Researchers Develop a Device That Can Use WiFi To See Through Walls

Digital Wifi concept

Wi-Peep stands out for its affordability and portability. What’s more, it was built by Abedi’s team using nothing more than a store-bought drone and a small amount of readily available hardware costing only $20.

Drone-powered device exposes WiFi security vulnerabilities.

A team of researchers at the University of Waterloo has created a drone-powered device that can see through walls using WiFi networks.

The device, called Wi-Peep, can fly close to a building and then use residents’ WiFi to quickly identify and locate any WiFi-enabled devices.

Wi-Peep exploits a flaw in what researchers call polite WiFi. Even if the network is password protected, smart devices will automatically respond to contact attempts from any device within range. Wi-Peep sends a series of messages to the device as it flies and then measures the response time of each device, allowing it to locate the device within a meter radius.

Dr. Ali Abedi, an adjunct professor of computer science at Waterloo, explains the significance of this discovery.

“Wi-Peep devices are like lights in the visible spectrum, and walls are like glass,” Abedi said. “Using similar technology, one could track the movements of security guards in a bank by tracking the location of their phones or smartwatches. Likewise, a thief could determine the location and type of smart devices in the home, including a security camera, laptop and smart TV, to find a good candidate for a break-in. Additionally, the device’s drone operation means it can be used quickly and remotely without much chance of the user being detected.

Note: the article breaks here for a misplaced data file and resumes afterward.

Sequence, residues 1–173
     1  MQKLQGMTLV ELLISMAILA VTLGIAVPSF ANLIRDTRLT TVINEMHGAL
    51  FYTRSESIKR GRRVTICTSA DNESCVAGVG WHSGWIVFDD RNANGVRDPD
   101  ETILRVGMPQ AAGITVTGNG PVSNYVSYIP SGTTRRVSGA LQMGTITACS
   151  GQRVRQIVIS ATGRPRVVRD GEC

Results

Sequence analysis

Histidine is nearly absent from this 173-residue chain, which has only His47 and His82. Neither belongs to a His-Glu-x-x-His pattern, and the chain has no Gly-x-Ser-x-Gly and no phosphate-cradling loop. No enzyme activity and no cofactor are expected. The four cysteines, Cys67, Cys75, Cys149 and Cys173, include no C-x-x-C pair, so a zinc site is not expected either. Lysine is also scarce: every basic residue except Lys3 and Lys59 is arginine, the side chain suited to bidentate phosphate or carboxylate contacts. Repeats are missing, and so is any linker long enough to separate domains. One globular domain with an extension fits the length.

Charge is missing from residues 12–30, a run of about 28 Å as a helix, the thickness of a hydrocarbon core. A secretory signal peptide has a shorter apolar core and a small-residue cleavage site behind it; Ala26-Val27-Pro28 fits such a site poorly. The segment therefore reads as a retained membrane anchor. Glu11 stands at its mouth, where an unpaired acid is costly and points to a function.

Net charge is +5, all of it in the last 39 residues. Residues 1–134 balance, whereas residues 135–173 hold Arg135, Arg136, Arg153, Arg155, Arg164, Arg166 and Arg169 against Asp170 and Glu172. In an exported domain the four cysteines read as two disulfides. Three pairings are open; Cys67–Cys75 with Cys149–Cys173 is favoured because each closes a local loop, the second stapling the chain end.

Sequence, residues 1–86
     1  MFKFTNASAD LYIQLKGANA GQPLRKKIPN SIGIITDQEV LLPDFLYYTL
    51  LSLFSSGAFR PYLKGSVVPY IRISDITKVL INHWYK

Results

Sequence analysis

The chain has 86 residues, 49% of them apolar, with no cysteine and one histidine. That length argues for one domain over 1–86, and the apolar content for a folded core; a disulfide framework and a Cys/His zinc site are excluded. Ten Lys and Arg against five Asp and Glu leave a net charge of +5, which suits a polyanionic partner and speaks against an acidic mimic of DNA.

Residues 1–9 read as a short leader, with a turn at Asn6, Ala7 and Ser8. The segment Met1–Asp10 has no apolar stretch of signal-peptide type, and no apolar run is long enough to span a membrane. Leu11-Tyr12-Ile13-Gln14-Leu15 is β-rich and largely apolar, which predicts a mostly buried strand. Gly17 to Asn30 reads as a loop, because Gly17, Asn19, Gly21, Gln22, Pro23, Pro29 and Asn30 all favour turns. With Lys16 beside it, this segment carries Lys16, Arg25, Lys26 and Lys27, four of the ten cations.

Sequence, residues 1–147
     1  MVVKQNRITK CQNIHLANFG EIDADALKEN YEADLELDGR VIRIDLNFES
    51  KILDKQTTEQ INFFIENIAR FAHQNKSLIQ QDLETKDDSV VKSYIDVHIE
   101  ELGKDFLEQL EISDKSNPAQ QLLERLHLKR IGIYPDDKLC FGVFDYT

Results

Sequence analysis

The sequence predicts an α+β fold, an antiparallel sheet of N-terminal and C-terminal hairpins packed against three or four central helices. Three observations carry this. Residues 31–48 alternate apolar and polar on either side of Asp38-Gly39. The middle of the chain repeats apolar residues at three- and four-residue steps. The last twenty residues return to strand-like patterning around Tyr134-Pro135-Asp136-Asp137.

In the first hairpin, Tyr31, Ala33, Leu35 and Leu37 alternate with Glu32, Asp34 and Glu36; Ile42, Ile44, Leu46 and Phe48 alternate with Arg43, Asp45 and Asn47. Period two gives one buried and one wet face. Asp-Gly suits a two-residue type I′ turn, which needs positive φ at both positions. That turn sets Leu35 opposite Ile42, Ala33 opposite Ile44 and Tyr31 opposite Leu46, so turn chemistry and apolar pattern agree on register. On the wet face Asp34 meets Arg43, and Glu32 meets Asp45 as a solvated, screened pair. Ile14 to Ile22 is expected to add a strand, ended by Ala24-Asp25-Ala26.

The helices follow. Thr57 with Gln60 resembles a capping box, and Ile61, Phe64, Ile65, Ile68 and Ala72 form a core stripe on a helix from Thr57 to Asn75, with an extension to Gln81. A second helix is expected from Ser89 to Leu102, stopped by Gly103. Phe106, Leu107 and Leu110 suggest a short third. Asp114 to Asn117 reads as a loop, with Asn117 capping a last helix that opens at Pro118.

While scientists have previously studied WiFi security vulnerabilities using bulky, expensive devices, Wi-Peep is notable for its affordability and easy portability. Abedi’s team built it using a store-bought drone and $20 of readily available hardware.

“As soon as the decent WiFi flaw was discovered, we realized that this type of attack was possible,” Abedi said.

The team built the Wi-Peep to test their theory and quickly realized that anyone with the right know-how could easily build a similar device.

“At a basic level, we need to fix the decent WiFi loophole so that our devices don’t respond to strangers,” Abedi said. “We hope our work will help develop the next generation of protocols.”

Meanwhile, he urges WiFi chip makers to introduce artificial, randomized variations in device response time that will make calculations like those used by Wi-Peep wildly inaccurate.

Reference: Ali Abedi and Deepak Vasisht, “Non-Cooperative Wi-Fi Localization and Its Implications for Privacy”, 28th Annual International Conference on Mobile Computing and Networking (ACM MobiCom 22), October 2022.
DOI: 10.1145/3495243.3560530


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